An animated interpretation of “Taketori monogatari,” the 10th-century Japanese tale of a damsel who came to Earth from the moon, “The Tale of the Princess Kaguya” is a visionary tour de force, morphing from a childlike gambol into a sophisticated allegory on the folly of materialism and the evanescence of beauty. Inspired by Eastern brush painting, this ethereal new feature from 78-year-old helmer Isao Takahata takes hand-drawn animation to new heights of fluidity. Studio Ghibli’s second release of the year has struck B.O. gold, earning roughly $22.7 million to date; at 137 minutes, it’s a bit taxing for tykes, but should get glowing reviews from anime fans upon its slated U.S. bow this year through GKids.
Eight years in the making and with a budget of roughly $49 million, Takahata’s pet project actually dates back to 55 years ago, when he assisted helmer Tomu Uchida in an eventually aborted attempt to bring “Taketori monogatari” to the bigscreen. (Hailed as Japan’s oldest recorded narrative, the story has been adapted many times, notably in Kon Ichikawa’s live-action 1987 version, “Princess From the Moon.”) Liberated from the neorealism that is his trademark (“Grave of the Fireflies,” “Only Yesterday”), Takahata embraces fantasy and abstract symbolism here to wondrous effect. Viewers used to Hollywood toons packed with snappy setpieces and crowd-pleasing gags may be underwhelmed by the film’s graceful rhythms and reserved storytelling, but that won’t keep them from marveling at the sheer virtuosity of its artwork: “Kaguya” means “shining” in Japanese, and fittingly, rich contrasts of light and darkness define every scene.
Bamboo cutter Okina (literally, “old fella”), voiced by Takeo Chii, chances upon a royal-robed nymph, as dainty as Thumbelina, inside a bamboo stalk. Once he brings her home, she swells into a human-sized infant, and Okina’s wife, Ona (“woman”), voiced by Nobuko Miyamoto, miraculously begins nursing her.
Okina calls his child (Aki Asakura) “Princess,” but other tykes call her Takenoko because of her exponential growth. Her childhood, full of rough-and-tumble activity in a pastoral world, recalls the daffy slapstick and charming naivete of “Panda! Go Panda!,” the 1972-73 series directed by Takahata and written by Hayao Miyazaki. The screenplay for “Kaguya,” co-written by Takahata and Rika Sakaguchi, also adds an original character, Sutemaru (Kengo Kora), a young hunter who becomes Takenoko’s love interest. The images here are drawn with simple, soft brushstrokes and painted in watery pastel colors; the veneration of nature, a hallmark of Studio Ghibli’s animation, is apparent in the picturesque flowers in bloom.
Then Okina discovers gold dust and exquisite silks in the bamboo forest, which he believes are Takenoko’s dowry from heaven. Convinced she’s intended for grander things, he and Ona take the girl to the capital, Kyoto, where they settle into a magnificent mansion and hire governess Sagami (Atsuko Takahata) to make Takenoko a lady. But she feels homesick and stifled by this opulent new lifestyle, her plight harking back to the country-city dichotomy of the 1974 TV anime series “Heidi, Girl of the Alps,” which Takahata and Miyazaki developed together. Takenoko’s defiance of Sagami’s stuffy airs and warped cosmetic practices not only parodies the slavish pursuit of artificial beauty, but also questions the concept of artifice itself.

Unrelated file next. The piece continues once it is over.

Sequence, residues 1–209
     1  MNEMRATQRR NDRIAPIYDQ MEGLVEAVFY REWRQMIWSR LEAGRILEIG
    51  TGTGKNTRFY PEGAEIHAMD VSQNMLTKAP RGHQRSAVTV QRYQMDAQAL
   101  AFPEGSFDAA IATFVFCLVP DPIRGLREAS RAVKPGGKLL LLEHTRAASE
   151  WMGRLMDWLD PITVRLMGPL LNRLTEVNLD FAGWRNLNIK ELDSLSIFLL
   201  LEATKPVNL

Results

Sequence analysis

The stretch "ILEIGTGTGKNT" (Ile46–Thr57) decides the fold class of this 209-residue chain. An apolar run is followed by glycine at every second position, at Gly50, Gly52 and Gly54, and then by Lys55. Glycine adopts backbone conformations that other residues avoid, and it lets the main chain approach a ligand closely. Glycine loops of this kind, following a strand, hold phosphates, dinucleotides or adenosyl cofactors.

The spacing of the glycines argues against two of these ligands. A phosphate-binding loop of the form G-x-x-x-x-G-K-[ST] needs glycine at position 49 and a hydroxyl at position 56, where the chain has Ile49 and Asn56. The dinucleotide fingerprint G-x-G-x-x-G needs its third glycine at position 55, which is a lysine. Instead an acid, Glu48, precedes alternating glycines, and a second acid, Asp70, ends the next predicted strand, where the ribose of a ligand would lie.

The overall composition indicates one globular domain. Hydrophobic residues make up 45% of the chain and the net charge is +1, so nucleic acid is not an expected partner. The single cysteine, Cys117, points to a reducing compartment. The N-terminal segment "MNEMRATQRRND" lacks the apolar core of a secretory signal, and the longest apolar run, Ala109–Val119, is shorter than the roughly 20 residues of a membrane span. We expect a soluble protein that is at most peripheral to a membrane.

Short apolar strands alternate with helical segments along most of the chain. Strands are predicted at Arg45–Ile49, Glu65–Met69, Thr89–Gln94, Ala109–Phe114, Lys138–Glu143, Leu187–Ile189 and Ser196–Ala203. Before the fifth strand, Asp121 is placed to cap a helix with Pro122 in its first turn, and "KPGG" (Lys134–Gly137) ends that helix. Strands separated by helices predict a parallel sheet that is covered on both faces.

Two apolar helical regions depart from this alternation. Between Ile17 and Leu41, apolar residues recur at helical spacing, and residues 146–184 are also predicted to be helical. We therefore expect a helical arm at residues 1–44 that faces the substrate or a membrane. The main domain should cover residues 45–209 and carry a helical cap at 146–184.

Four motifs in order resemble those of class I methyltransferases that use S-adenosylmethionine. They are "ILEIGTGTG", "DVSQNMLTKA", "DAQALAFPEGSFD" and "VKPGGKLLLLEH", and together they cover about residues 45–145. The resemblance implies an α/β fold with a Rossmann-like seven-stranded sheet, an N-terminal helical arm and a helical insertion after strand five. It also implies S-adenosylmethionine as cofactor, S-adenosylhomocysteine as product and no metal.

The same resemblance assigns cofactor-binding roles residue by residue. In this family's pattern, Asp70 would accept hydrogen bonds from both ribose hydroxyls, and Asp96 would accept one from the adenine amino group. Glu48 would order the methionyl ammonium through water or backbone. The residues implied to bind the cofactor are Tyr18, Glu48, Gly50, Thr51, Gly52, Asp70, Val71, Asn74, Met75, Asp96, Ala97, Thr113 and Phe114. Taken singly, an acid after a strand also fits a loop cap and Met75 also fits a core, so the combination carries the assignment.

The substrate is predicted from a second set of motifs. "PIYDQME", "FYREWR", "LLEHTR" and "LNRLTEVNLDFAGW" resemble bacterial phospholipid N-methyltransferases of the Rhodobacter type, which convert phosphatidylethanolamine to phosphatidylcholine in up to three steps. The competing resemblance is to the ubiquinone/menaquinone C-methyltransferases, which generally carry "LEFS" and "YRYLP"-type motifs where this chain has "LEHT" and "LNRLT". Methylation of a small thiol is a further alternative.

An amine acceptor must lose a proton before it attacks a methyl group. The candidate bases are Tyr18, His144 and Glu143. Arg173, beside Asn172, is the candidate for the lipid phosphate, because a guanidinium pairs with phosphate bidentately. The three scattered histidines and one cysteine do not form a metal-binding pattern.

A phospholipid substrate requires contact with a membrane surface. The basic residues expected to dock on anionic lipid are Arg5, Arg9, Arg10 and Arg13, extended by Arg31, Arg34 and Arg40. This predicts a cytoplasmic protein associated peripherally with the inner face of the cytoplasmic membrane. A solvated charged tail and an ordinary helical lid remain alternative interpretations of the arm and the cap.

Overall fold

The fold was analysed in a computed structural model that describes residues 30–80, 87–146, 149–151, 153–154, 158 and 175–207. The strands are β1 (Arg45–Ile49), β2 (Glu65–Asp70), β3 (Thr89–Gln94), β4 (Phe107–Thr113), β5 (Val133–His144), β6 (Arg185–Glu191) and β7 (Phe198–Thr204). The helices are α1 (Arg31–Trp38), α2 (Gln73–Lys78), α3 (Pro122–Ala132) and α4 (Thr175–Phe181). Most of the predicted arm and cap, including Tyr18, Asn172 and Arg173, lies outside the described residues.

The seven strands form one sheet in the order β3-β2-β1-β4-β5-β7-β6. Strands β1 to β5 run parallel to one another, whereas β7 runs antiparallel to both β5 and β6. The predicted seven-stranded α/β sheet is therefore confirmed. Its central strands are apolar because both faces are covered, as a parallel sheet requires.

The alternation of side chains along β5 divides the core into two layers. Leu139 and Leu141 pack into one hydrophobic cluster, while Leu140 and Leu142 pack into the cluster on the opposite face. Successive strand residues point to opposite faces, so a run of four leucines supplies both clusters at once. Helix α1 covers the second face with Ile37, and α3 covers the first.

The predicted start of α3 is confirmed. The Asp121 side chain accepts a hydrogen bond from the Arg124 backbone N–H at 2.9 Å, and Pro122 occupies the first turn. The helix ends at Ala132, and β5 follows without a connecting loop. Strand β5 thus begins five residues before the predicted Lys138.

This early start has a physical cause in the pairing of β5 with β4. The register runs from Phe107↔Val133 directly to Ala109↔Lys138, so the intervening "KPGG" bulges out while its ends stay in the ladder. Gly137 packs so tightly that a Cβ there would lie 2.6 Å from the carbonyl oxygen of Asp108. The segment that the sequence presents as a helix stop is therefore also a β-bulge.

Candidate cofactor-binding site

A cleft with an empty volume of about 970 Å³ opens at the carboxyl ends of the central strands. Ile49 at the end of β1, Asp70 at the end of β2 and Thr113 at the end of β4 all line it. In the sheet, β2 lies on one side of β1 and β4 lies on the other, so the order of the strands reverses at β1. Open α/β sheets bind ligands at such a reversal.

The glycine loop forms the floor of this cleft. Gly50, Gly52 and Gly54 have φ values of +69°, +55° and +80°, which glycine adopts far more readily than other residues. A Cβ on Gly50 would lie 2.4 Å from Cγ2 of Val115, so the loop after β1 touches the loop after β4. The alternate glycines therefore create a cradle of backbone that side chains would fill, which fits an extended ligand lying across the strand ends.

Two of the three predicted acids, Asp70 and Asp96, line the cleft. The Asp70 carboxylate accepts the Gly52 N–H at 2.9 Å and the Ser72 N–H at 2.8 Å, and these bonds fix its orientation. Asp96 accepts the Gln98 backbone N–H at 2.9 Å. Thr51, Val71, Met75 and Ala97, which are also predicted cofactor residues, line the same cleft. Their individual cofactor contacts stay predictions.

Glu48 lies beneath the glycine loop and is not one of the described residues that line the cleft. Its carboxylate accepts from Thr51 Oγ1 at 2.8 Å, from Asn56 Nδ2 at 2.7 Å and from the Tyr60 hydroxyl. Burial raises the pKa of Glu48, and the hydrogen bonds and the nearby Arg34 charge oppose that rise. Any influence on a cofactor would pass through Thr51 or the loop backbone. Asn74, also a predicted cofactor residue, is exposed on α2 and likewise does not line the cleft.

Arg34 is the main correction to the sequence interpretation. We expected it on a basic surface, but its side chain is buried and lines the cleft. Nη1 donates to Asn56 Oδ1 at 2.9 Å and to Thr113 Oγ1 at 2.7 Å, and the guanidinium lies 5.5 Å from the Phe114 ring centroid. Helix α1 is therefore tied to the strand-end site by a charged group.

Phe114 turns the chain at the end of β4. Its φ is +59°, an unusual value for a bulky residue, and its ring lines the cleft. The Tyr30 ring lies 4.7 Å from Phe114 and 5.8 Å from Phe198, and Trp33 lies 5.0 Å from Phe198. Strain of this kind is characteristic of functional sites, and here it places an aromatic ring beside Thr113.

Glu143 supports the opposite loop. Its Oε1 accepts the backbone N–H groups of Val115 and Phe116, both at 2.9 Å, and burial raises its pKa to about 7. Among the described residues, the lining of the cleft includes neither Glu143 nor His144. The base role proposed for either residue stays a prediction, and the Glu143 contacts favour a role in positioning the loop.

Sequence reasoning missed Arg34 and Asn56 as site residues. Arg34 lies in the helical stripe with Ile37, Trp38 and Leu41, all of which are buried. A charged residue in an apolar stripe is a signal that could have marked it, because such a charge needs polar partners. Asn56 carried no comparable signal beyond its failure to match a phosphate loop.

Okina presents his daughter to influential courtier Inbe no Akita (Tatekawa Shinosuke), who names her “Kaguya,” for the luminous aura she radiates. As he spreads word of her peerless beauty, she attracts swarms of suitors, including the Mikado, or Emperor (Shichinosuke Nakamura II), five of whom she orders to perform Herculean tasks. The film captures the spirit of the tale’s most famous episode, turning the suitors’ gambits into brilliant spectacles and scintillating flights of fantasy, all while satirizing the materialism and possessiveness that too often pass for love. Just as the suitors’ motives prove questionable, so their actions yield consequences that progressively darken the tone of the yarn. Even Kaguya’s relationship with Sutemaru, which starts off as a buoyant, youthful romance, culminates in a melancholy twist that overturns fairy-tale expectations.
Although Takahata has stated that he wanted to explore crime and punishment in his version of the legend, the film never dwells on how Kaguya came to Earth, or why; instead, the story spans the dramatic stages of a woman’s growth, from carefree moppet to rebellious teenager and finally to sensuous maiden. Kazuo Oga’s art direction runs the gamut in reflecting these phases, with a wide array of gorgeous kimonos and illustration styles. While the protagonist’s beauty is the sine qua non of the story, visualizing it through animation presents a challenge — one the filmmakers meet with a versatility that can make Kaguya look like a girl-next-door type one moment and a figure of regal composure the next.
The only shortcoming of this characterization lies in Kaguya’s relationship with her adopted parents, which doesn’t convey enough genuine affection; nor is her disdain for wealth or suitors given enough of a foundation. Okina, whose vanity could have been explored in greater depth, remains a buffoon.
Tech credits are out of this world. The animation sports a two-dimensional look reminiscent of watercolors, and yet movements flow with exceptional grace; even shots of landscapes and objects sometimes appear to unfold like a scroll. Illustrations of period architecture and props are rendered with diaphanous subtlety, as when Kaguya darts toward the moon, or in the film’s transporting ending, an aesthetic fusion equally inspired by Dun Huang murals and hippie music. Joe Hisaishi’s earthy, folk-inflected score eschews his usual orchestral heaviness.